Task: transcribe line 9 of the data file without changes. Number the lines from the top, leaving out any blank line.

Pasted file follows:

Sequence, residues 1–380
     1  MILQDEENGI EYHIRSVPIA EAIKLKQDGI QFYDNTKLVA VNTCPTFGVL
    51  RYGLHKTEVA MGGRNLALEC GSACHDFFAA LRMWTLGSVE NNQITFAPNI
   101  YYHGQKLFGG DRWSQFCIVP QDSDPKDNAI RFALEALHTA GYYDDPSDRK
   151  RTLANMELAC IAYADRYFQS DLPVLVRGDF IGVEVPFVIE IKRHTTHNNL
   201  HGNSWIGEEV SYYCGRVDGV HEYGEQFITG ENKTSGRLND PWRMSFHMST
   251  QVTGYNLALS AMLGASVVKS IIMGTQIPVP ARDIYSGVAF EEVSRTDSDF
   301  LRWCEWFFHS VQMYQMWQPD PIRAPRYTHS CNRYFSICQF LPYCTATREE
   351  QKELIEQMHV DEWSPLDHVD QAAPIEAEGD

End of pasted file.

   351  QKELIEQMHV DEWSPLDHVD QAAPIEAEGD